JavaScript: The Good Parts

I've been a huge fan of Douglas Crockford and his articles about JavaScript for a long time. I often point people to his The World's Most Misunderstood Programming Language article when I hear them complaining about the language. It's taken me a couple of years to get around to reading his book, JavaScript: The Good Parts, but it exceeded all of my expectations.

Being an avid reader of his online stuff, and having watched various talks of his I knew the book would be well written and informative, but I thought it'd probably just repeat much of what I'd already read, without providing much new information or insights. To a certain extent this was true, the book does reiterate what's said in many of his online articles and talks, but the book is absolutely amazing for a different reason: The code examples.

The book is extremely succinct. There's no padding, and very little dialog to join one section to the next. There is a common thread thoughout the book though, and that's the code. Examples of good coding practices are repeated, and functions written in earlier chapters are often reused in later ones. So although the book appears to be presenting one feature at a time with a small code example you're actually building up more and more complex javascript applications, and the book ends with a full JSON parser!

Crockford's coding style seems to match his writing style: succinct and to the point. There's some really great code in the book, that I think even non-JavaScript developers could appreciate. Here's my favourite, from the chapter on regular expressions:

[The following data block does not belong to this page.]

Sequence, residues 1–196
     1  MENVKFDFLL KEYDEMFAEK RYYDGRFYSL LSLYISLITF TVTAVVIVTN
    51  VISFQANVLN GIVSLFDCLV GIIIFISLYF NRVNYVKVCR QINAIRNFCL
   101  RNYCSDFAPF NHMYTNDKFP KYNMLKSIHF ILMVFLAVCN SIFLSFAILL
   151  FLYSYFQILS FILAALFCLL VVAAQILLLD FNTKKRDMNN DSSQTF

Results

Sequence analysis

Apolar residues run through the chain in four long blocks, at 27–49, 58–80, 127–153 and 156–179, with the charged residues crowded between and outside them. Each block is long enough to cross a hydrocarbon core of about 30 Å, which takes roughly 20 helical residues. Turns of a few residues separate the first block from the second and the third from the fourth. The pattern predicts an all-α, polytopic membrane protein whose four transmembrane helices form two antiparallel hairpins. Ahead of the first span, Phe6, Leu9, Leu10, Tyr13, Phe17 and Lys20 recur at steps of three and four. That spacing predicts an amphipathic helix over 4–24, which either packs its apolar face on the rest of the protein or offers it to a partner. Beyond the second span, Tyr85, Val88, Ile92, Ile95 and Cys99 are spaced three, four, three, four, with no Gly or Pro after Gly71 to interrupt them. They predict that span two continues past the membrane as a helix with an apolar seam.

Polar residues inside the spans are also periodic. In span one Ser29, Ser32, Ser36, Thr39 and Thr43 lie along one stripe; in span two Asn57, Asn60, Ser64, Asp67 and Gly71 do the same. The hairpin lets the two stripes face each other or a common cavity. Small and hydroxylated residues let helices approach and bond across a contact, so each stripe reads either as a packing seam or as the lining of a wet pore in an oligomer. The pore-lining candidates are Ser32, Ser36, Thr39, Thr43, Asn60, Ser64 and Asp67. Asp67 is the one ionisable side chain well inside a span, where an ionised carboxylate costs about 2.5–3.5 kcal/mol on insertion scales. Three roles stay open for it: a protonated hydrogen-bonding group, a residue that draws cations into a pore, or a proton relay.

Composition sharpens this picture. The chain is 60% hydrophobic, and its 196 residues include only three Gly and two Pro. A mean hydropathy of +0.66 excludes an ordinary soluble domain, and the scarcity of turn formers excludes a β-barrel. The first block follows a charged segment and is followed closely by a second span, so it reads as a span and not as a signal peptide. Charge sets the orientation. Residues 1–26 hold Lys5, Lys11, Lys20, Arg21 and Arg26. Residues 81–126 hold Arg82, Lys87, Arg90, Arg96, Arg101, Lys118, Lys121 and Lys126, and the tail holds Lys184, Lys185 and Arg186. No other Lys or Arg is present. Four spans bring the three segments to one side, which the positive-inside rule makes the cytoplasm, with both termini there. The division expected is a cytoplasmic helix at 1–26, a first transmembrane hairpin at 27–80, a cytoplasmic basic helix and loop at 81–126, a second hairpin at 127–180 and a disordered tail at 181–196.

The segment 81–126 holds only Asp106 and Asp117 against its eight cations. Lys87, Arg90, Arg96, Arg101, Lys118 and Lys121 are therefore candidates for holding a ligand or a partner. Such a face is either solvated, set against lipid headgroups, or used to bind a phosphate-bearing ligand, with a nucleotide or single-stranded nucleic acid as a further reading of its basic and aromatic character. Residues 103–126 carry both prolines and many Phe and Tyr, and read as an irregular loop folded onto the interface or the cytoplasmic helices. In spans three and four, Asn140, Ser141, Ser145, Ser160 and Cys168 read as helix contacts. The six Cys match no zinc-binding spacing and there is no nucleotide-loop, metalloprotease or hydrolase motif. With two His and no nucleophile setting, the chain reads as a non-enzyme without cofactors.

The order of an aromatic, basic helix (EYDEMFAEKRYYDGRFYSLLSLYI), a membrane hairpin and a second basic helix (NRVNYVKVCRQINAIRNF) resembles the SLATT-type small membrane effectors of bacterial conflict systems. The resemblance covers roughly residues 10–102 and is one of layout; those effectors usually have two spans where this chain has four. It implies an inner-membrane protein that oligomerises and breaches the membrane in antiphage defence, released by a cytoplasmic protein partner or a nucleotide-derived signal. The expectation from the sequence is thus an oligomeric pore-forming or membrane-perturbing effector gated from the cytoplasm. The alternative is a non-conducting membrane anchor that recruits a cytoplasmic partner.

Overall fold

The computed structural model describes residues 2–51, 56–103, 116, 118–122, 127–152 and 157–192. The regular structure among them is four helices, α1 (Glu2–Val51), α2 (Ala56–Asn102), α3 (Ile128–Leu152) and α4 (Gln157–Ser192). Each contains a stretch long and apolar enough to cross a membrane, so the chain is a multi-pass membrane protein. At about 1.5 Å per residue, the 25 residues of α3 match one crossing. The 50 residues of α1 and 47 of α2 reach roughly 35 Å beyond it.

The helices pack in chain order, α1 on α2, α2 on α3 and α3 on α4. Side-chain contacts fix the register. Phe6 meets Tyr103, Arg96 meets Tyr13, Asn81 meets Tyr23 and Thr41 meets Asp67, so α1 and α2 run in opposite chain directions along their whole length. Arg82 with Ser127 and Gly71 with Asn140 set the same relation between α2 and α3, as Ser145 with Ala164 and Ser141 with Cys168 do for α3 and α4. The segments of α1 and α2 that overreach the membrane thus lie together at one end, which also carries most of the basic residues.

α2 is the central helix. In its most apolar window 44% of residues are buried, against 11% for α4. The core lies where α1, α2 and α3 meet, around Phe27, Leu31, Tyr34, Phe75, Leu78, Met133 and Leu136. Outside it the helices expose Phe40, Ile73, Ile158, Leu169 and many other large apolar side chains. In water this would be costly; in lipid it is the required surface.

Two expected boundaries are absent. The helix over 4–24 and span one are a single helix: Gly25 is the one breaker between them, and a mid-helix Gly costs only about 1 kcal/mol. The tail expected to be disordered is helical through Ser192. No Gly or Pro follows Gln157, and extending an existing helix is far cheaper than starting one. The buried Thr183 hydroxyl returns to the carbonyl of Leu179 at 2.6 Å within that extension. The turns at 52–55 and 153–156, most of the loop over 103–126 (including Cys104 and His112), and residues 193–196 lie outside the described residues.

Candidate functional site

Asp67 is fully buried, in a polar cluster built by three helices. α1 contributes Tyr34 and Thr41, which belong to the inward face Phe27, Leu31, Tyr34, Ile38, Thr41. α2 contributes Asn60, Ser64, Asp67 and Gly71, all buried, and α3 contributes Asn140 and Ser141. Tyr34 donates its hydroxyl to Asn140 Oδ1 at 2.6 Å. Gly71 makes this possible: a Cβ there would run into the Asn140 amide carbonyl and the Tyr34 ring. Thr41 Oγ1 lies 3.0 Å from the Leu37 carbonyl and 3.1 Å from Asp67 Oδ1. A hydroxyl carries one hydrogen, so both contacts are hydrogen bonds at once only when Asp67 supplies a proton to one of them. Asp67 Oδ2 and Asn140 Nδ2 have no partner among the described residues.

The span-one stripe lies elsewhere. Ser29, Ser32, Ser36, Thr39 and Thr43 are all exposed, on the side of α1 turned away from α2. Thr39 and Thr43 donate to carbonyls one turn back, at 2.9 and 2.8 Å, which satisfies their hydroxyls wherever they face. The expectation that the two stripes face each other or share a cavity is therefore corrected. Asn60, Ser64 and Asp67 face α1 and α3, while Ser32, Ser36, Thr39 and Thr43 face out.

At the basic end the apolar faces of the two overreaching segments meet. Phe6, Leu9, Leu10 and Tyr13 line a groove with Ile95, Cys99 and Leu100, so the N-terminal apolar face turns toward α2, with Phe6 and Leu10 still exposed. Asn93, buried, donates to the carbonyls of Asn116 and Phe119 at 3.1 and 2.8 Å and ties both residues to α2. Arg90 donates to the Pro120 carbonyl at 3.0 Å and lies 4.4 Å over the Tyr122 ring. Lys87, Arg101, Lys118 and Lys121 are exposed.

var parse_url = /^(?:([A-Za-z]+):)?(\/{0,3})([0-9.\-A-Za-z]+)(?::(\d+))?(?:\/([^?#]*))?(?:\?([^#]*))?(?:#(.*))?$/;
var url = '';

var result = parse_url.exec(url);
var names = ['url', 'scheme', 'slash', 'host', 'port', 'path', 'query', 'hash'];
var blanks = '       ';
var i;
for (i = 0; i < names.length; i += 1) {
    document.writeln(names[i] + ':' + blanks.substring(names[i].length), result[i]);

Which outputs:

scheme: http
slash:  //
port:   80
path:   goodparts
query:  q
hash:   fragment

I also love the explanations Crockford gives as to why he avoids using certain parts of JavaScript, and limits himself to a "good" subset of the language. He doesn't simply say "This is bad and you shouldn't use it", it's usually accompanied by a story about a time when Crockford had used that feature and got caught out, which is much more compelling.

I think it's fair to say that JavaScript: The Good Parts is one of my favourite programming books: It's succinct, packed full of great code examples and best practices for writing maintainable and bug free code. It's a fantastic JavaScript reference, but much of what the book talks about is relevant to programming in general. Highly recommended!

Posted on 18 Jul 2010
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